Hauntings at St. Louis Cemetery

As the ‘oldest’ cemetery in New Orleans and with over 100,000 bodies interred here, St. Louis Cemetery doesn’t fall short when it comes to strange occurrences and reports of ghostly activity.

Marie Laveau

One of the most famous, and perhaps the biggest reason people visit the St. Louis Cemetery is to visit the grave of Voodoo priestess Marie Laveau. Marie was born to a Creole mother and a white father. As she grew up, her beauty and talents as a hairdresser were recognized all over town. Laveau had learned about natural and herbal remedies that serviced the rich and famous of her time. Although she was well-known for the magic she worked on hair, she was also famous for her Voodoo practices. She was known as a kind and helpful woman who used her Voodoo to help others and was loved by her community.

photo shows a painting of marie laveau with her hair wrapped in a scarf
Famed Voodoo priestess Marie Laveau. Source: Wikimedia Commons

Marie passed away in 1881 at the age of 80 in her home. Her funeral was lavish with countless townspeople coming to mourn her passing. However, after her death, her apparition was still seen all over the town.

Even her tomb has a famous story attached to it. It is said that when visiting her grave you can still spot three X’s on the stone. These are said to be left by people who were requesting Marie’s help after her death. The story states that if you place an X on her tomb, turn around three times, knock on the tomb and yell out your wish, your request will be granted. If your request was granted, you were to come back, circle the X and place an offering of gratitude for her assistance.

Although Marie was known for her love and kindness in life, guests of the cemetery who voice their disbelief of her religion and Voodoo practices have reportedly been pushed, scratched, and thrown to the ground. Others have seen her walking around the cemetery before vanishing.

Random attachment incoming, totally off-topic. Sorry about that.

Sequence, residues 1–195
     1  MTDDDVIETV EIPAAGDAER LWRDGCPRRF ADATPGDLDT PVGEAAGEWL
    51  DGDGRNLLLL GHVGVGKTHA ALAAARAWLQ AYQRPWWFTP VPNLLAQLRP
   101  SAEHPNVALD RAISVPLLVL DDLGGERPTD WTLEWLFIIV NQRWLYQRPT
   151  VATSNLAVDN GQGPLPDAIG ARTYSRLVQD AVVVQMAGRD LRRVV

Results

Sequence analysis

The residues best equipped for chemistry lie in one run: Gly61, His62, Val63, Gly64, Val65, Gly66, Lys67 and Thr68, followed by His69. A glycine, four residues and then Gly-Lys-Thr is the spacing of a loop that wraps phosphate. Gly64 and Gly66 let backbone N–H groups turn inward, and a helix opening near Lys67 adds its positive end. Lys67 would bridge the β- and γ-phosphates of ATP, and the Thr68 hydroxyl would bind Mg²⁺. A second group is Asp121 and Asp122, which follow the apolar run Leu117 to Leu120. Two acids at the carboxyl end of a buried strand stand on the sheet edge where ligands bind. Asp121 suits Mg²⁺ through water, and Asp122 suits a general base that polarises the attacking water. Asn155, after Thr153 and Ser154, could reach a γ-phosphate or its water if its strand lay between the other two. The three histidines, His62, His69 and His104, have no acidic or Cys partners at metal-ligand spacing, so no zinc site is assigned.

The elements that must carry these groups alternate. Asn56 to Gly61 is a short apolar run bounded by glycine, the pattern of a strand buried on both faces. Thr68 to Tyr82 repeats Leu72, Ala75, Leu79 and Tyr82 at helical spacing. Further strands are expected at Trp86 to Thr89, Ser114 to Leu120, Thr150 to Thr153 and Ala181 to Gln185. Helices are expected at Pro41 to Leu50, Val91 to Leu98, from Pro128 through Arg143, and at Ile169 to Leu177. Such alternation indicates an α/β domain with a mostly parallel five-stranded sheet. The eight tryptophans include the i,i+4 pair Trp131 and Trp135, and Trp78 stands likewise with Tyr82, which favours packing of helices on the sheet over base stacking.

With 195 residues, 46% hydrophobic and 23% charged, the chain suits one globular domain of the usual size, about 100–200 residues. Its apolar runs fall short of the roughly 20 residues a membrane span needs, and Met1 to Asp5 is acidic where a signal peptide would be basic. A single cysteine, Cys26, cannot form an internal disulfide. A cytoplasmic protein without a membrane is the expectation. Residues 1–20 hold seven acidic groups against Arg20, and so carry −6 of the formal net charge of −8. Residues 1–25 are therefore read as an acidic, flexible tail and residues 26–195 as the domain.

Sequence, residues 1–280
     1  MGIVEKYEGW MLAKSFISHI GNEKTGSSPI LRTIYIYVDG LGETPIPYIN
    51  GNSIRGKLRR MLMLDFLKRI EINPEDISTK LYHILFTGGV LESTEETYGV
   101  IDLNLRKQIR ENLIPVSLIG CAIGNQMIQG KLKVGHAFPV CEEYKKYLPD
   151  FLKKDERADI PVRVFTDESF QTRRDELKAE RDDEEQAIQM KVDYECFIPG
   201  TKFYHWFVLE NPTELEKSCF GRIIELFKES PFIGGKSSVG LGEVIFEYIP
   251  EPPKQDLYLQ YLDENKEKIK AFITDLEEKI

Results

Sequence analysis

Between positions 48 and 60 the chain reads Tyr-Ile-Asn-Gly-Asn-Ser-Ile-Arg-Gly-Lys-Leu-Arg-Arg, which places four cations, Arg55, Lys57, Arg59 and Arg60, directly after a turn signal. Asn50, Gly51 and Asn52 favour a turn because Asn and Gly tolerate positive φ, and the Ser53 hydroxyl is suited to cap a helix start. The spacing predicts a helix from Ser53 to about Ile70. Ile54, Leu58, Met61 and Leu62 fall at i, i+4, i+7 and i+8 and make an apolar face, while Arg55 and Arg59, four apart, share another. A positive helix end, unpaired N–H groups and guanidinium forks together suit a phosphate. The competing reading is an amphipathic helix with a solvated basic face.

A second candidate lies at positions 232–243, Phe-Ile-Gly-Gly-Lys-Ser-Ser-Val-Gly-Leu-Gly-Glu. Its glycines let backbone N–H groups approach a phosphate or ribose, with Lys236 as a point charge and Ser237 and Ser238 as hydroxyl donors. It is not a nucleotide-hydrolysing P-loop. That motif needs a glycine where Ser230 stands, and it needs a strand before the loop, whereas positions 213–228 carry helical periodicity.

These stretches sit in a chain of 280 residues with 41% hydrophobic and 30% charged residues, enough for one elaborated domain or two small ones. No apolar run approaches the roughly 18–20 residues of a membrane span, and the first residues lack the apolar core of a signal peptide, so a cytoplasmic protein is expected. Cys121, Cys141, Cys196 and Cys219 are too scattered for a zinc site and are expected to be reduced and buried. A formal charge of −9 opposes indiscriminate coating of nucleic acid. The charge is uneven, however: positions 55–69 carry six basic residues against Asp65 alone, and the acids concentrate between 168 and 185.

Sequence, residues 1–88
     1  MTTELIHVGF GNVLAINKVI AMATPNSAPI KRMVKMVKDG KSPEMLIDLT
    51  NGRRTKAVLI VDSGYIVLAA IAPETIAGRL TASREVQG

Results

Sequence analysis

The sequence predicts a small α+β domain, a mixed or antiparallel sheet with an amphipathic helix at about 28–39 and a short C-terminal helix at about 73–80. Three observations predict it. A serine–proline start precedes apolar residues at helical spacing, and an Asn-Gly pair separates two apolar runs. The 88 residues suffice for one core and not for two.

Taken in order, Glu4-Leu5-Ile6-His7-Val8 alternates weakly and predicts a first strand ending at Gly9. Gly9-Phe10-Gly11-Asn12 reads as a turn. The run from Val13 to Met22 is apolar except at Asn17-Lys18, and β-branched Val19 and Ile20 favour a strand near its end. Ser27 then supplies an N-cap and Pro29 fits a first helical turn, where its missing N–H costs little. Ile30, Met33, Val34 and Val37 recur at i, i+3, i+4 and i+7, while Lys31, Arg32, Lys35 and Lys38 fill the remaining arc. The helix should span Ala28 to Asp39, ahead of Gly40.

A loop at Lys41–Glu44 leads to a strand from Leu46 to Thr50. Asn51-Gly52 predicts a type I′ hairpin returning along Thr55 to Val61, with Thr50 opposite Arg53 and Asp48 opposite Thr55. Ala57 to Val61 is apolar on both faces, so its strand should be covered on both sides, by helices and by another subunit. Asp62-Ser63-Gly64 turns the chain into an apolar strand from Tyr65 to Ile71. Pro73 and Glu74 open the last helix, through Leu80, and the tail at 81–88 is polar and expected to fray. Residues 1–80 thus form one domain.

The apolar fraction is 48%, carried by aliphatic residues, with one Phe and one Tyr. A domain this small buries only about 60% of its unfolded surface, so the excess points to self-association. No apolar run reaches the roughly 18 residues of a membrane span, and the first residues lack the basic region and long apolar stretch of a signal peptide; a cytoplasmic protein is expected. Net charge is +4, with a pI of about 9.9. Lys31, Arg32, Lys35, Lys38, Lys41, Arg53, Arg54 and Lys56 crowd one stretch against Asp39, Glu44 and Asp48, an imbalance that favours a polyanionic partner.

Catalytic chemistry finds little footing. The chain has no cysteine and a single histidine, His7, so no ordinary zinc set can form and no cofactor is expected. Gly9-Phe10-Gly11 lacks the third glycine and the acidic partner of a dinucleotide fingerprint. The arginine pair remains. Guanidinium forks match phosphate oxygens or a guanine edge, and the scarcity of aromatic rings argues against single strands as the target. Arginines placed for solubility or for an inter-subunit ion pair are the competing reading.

Henry Vignes

Another site that is of particular interest to visitors is that of the sailor Henry Vignes. He lived as a nomad until going to a boarding house in New Orleans. Vignes kept important paperwork with him, which included information on his family’s tombs, and asked the owner of the boarding house to keep the papers safe for him while he was gone out at sea.

While he was away, the owner of the house sold the tombs and left Vignes with no family plots. He was said to try and fix the issue when he got back, but ended up falling ill shortly after his return. He died shortly after and since he had no family plots, he was buried in an unmarked grave in St. Louis Cemetery No. 1.

Visitors of the cemetery today tell of a strange man with blue eyes that asks where the Vignes tomb is, and many others have reported hearing a disembodied voice yell ‘I need rest!’ Could this be the spirit of Henry Vignes, restless due to his unmarked grave?

Alphonse

One of the most mysterious hauntings of the cemetery is that of a man named Alphonse. His earthly story is not well-known, and much of his life was not recorded. He is very much recognized in the cemetery, however. Visitors report having a man take their hand and ask them to bring him home. He’s also seen walking about the cemetery and picking flowers from other people’s tombs and placing them on his own. Many people believe that this is a sign that he was never properly mourned, or that his death was not natural and he steals flowers as a form of justice.

The circumstances surrounding his death are muddied, but it is believed that he was murdered by a member of the Pinead family. When visitors step close to the Pinead family tomb, they hear a man tell them to ‘stay away.’

St. Louis Cemetery Today

photo shows three above ground tombs, weathered and dirty
A few above-ground tombs at St. Louis Cemetery No. 1. Source: Picfair

With the high number of typical ghost sightings, it’s easy to see why so many people flock to New Orleans to visit this haunted cemetery. From the Voodoo Queen to the lonely Alphonse, some ghosts are just looking for a home or a place to rest. Whether you are looking for a historical or ghostly experience by going to the St .Louis Cemetery, you will likely get to see some unexpected ghoulish guests.

Sources Cited:

https://en.wikipedia.org/wiki/Saint_Louis_Cemetery

https://nolaghosts.com/the-st-louis-cemetery-no-1/